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Transgender Cyclists Outperform Female Competitors, Fueling Debate

Transgender cyclists won a women's race, sparking debate over gender inclusivity in sports.

In a recent Chicago bicycle race, two biological males claimed top positions in what was billed as a women’s event, with the top female finisher coming in third. This event has once again ignited the ongoing debate surrounding transgender athletes’ participation in women’s sports.

Tessa Johnson, 25, emerged as the winner in the Women’s Single Speed and Cat Half categories during the Chicago CycloCross Cup on October 7, with Evelyn Williamson, 30, securing the second place in the Single Speed contest. The only female in the top three of the Single Speed race was Allison Zmuda, who finished in third place.

Williamson, who has been competing against women since 2017, has a track record of 18 wins in such competitions. It’s worth noting that in 2020, Williamson entered a race that included both women and men in the Sky Express Winter Criterium. While she secured the first-place position when racing against women, she did not place when competing against men.

The Chicago race adhered to the rules set by USA Cycling, which state that at non-elite competition levels, a member may self-select their gender.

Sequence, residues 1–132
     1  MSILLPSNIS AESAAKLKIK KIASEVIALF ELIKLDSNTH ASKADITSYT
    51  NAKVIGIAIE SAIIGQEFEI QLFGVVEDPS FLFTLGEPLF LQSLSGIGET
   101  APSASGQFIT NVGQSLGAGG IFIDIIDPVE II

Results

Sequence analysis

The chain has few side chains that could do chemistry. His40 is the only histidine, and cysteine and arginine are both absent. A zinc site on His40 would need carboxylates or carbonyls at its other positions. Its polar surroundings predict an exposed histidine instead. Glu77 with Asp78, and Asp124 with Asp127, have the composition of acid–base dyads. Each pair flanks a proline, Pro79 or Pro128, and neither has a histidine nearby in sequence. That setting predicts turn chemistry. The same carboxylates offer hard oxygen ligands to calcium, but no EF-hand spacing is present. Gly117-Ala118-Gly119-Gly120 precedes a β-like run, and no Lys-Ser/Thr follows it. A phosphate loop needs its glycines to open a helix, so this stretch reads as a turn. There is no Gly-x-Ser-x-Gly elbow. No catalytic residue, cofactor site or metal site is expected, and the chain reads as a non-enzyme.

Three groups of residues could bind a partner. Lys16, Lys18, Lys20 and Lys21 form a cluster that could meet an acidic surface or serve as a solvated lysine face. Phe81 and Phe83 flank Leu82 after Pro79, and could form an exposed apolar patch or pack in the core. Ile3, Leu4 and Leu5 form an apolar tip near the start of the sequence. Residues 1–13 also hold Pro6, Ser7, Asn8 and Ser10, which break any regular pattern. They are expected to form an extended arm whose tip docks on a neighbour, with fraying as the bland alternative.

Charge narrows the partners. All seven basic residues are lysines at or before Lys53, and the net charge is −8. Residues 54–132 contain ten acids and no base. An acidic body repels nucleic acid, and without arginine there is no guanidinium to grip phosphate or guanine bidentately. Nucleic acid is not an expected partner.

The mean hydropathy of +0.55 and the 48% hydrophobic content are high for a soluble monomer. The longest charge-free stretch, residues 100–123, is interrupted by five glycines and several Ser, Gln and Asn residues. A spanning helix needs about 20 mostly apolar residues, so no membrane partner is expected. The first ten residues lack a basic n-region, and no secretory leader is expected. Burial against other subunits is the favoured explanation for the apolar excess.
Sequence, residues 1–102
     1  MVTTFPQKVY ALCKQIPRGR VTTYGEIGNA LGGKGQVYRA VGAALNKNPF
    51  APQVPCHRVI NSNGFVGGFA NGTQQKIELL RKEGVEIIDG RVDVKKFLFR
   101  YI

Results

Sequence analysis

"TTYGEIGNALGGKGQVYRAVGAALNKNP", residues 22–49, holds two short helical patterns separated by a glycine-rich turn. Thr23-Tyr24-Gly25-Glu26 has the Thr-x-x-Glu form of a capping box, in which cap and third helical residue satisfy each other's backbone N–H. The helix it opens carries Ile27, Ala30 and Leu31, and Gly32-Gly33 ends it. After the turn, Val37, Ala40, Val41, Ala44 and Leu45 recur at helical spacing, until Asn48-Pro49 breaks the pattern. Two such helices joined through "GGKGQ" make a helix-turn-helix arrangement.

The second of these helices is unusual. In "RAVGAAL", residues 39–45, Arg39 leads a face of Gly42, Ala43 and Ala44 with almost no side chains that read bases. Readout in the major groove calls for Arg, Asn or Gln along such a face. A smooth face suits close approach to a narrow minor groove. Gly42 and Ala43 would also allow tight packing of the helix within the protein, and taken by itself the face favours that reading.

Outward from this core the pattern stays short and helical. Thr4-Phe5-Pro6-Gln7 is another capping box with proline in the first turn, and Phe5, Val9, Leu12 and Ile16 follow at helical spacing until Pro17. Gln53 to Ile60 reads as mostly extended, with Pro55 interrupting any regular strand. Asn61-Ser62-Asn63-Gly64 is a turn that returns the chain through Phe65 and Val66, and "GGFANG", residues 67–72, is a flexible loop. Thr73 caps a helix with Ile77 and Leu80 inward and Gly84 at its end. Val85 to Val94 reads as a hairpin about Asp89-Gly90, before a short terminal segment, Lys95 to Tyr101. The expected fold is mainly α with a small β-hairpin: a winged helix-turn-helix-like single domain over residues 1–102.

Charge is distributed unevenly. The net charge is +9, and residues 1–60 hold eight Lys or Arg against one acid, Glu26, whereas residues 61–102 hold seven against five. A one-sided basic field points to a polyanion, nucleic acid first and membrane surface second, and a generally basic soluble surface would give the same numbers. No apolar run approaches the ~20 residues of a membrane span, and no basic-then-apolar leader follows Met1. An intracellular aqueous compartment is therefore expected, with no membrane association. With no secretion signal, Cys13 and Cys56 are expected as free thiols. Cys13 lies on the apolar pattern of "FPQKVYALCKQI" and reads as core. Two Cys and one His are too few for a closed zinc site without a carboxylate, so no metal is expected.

However, there are critics of this approach, particularly in women’s sports. Former coach Linda Blade voiced her concerns in a post on social media, stating that the race organizers need to stop referring to such events as “women’s events” and instead call them “beta-male races.” She sees it as a situation where some women get to participate, making the sport seem like a joke.

This issue has been at the center of a broader debate on transgender athletes in women’s sports. Critics argue that transgender women, who are biological males, may retain physical advantages that give them an edge in certain sports. Advocates, on the other hand, emphasize the importance of inclusion, equal opportunity, and protection against discrimination for transgender individuals.

The organizers of the Chicago CycloCross Cup have made it clear that they are committed to being inclusive and not discriminating against anyone based on characteristics such as gender identity or sexual orientation. They stress the importance of fostering a positive and supportive community around competitive cycling, welcoming all who want to participate.

As the debate surrounding transgender athletes in women’s sports continues to evolve, the issue raises questions about fairness. Ultimately, it will be up to organizations and governing bodies in sports to establish guidelines and policies that address these concerns.

American Coalition

American Coalition

The American Coalition operates as a 501(c)(4) non-profit organization, as amended, created by Americans who have tired of the ever-growing assault on the foundation of our entire way of life.